Last month I wrote about why it’s important for charities not to sweep problem behaviour by volunteers under the carpet. This month we are looking at understanding and addressing that problem behaviour.
If a charity wants to deal with problematic behaviour, the first step is to understand why it is happening in the first place. There could be many reasons.
For example, the volunteer might no longer be getting their motivations met by the role they were placed in, driving them to meet their motivational needs by doing things that are outside the scope of their role. This might be causing you problems, but it’s making the volunteer feel better.
Perhaps the volunteer doesn’t really understand the boundaries of their role. In seeking to be helpful to the organisation and client they are straying beyond what you think is acceptable for them to do.
Maybe they are testing you. Some people think rules are there to be broken. Just like small children (and some paid colleagues!) the volunteer is seeing how far they can push it.
Be clear whether the problem is a consequence of the volunteer’s behaviour or whether they are simply a problematic person. Some people can’t help themselves and are out to make your life a nightmare. It’s important to recognise the difference between that and someone who means well but isn’t quite going about things in the right way.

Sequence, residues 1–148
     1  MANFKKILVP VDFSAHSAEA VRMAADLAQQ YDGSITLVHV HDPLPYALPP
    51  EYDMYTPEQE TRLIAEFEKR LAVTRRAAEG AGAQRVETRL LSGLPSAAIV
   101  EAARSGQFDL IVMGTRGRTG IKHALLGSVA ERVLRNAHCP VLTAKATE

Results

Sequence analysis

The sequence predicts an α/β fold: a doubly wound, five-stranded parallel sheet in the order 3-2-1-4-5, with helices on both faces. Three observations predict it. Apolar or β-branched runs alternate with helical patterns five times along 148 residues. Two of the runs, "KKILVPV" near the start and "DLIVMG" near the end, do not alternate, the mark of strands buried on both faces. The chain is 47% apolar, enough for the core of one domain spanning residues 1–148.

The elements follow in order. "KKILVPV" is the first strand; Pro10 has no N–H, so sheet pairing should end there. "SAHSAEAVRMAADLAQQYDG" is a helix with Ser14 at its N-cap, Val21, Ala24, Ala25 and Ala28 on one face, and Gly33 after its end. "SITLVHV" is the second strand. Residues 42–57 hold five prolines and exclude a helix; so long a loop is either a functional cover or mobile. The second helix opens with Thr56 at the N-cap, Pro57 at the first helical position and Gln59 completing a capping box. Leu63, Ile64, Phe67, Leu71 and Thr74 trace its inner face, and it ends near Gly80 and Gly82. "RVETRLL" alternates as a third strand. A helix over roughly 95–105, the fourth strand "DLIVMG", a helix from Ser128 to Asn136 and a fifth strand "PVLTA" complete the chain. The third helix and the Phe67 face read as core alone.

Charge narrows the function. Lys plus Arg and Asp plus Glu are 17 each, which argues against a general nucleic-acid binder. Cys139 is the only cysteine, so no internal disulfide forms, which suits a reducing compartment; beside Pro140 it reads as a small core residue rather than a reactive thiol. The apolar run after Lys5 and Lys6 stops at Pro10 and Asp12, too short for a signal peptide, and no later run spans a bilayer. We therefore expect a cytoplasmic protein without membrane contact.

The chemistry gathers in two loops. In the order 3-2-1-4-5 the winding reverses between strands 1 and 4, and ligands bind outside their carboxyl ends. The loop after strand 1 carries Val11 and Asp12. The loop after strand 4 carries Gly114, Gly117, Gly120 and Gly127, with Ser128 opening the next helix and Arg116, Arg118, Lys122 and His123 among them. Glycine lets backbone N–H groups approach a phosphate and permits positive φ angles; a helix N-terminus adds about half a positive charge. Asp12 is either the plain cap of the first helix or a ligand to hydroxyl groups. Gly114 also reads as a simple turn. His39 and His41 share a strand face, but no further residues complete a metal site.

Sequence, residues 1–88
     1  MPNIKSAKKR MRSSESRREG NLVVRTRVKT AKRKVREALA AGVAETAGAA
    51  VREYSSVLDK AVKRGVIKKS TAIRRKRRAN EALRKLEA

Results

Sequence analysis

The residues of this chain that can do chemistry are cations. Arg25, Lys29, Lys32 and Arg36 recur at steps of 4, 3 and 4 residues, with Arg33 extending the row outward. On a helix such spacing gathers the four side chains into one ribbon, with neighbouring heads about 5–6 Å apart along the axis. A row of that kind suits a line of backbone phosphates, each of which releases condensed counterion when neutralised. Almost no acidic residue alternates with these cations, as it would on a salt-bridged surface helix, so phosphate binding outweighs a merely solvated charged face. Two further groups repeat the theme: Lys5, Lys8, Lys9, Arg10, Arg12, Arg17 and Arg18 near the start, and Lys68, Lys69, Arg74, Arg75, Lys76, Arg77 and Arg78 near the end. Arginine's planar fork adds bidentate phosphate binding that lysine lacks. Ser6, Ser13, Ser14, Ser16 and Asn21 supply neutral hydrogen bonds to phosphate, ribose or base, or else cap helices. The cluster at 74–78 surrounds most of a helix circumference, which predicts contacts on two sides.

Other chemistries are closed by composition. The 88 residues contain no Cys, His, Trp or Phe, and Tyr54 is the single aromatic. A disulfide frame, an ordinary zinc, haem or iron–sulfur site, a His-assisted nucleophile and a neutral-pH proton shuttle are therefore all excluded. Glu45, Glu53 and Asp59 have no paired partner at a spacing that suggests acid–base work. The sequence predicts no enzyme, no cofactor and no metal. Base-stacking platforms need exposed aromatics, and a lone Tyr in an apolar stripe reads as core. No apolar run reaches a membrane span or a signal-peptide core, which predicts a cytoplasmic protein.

The second step is to recognise the organisation’s attitude to dealing with problematic volunteer behaviour. In her excellent article "Five Strategies to Shut Down Volunteer Conflict" Marla Benson asks which of the following best describes your view of volunteers.
Qualified Abundance We have plenty of qualified volunteers to help us with our mission.
Adequate Numbers/Imbalance of Quality We have enough volunteers, but wish many would perform at a higher level with less guidance and intervention from staff.
Scarcity of Numbers/Imbalance of Quality We never have enough volunteers. Because they are always scarce, we tend to take on (and keep) volunteers even if they are problematic or not a perfect fit.
If a charity is dealing with qualified abundance, it is more likely to feel confident and comfortable addressing problem behaviour, because even if the volunteer leaves there will be enough of the right people to keep things going. But because organisations have to deal with adequate or scarce volunteers, both in terms of quantity and quality, this becomes more of an issue. You might feel a desire to brush things under the carpet. Don't!
The third step in handling problematic volunteer behaviour is to respond accordingly.
Remember that problem behaviour is not unique to volunteers. Paid staff can be problematic too. This widens the pool of available advice and support from colleagues.
Be fair and consistent. Have policies and procedures to enshrine this in practice, and be clear when enforcing rules and boundaries so the volunteer knows where they stand.
Provide additional training and support. Assigning a problematic volunteer to a volunteer buddy can be a useful step towards helping them get back on track.
Increase the frequency of supervision meetings, and don’t shy away from difficult conversations. You might be interested in these free resources about having difficult conversations with volunteers.
Make sure your organisation has your back and won’t undermine you if the volunteer runs straight to someone more senior (this is important!).
Above all, act. Your organisation’s mission is too important not to.